A part of distance education is an insane amount of reading, especially as a humanities student. When we are not reading, we are writing about what we read, which often means rereading some of the previous readings. This can get mundane, and I tend to lose focus. My mind will wander and after a few pages I will realize that my mind was elsewhere and I now have no idea what was on those two pages, despite having highlighted certain passages.

I had a course that incorporated small 1-2 minute audio slideshows with certain unit chapters, and this was a great way to break up the reading and allow me to refocus. Some courses include movies to help highlight issues at hand, but most do not. But this does not mean that we cannot find our own movies that relate to the subject, drive home some of the points of the course, and bring it to life.

I have started working on WGST 421: Advocacy from the Margins. In the beginning there is a lot of reading that is quite interesting. But, as with any readings, my mind can grow weary after trying to cram too much information in all at once. I left my office to refill my coffee in the hopes that the caffeine boost would refocus me, but instead, I was sucked in by a movie my husband was watching, Lee Daniels’ The Butler (2013), this movie depicted the civil rights movement. A story that related to my current course. I watched as people fought for their rights and were beaten, thrown in jail, and denied basic human rights. I always find it shocking how recent these events were in our history. I find it inspiring about how far people can come in this same relatively short amount of time.

It can be easy to become disheartened when studying our history with human rights. How we suppressed a population for no reason beyond their sex or race. However, when one stops to consider just how far people have come in attaining these rights, it gives me hope. Hope for further change in the future, hope that one day everyone will be seen as equal?without pockets of sexism or racism. When I consider how far things have come from my grandma’s generation, to my mom’s, and then to mine, I can see a dramatic change in these short years. With the expansion of education and inclusion of studies dedicated to understanding these suppressions, I believe that these advancements will only continue?and accelerate.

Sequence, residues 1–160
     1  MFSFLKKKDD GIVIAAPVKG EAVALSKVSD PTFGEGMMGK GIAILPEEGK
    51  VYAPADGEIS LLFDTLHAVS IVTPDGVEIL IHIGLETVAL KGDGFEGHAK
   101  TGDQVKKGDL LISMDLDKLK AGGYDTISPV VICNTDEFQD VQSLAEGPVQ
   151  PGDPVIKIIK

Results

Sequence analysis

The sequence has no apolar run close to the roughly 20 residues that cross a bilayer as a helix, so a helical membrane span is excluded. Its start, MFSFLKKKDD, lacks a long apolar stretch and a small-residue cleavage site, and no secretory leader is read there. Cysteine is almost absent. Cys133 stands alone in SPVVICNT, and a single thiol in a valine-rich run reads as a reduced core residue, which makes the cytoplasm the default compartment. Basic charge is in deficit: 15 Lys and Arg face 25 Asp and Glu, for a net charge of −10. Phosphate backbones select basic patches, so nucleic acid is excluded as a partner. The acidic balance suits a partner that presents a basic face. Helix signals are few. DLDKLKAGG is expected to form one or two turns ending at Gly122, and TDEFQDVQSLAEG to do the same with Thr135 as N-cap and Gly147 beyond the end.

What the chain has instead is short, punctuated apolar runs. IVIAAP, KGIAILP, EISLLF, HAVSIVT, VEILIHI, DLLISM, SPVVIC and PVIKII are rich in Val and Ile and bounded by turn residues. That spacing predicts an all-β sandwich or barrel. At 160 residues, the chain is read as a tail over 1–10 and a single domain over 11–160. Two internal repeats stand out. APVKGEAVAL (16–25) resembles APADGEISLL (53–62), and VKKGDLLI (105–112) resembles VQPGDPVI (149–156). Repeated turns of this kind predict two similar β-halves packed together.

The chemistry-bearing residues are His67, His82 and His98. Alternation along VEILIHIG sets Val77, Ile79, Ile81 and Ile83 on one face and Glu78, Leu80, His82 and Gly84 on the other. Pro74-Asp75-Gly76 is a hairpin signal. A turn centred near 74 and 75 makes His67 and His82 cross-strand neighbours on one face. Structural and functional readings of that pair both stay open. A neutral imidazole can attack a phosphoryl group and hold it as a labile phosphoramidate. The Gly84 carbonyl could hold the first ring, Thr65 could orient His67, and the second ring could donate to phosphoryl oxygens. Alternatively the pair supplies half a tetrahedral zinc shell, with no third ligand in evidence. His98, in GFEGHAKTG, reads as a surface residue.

Watching Lee Daniels’ The Butler replenished my desire to learn and understand. It reminded me that I was not just wading through readings, but learning how to effectively communicate to promote change. Sometimes we need to take a step back from our studies to remind ourselves why we are studying this. It is not just for credit towards a degree, there is another motivation there, though sometimes that can get lost. But, sometimes, all it takes to get it back is to approach the subject from another angle.

Deanna Roney is an AU student who loves adventure in life and literature

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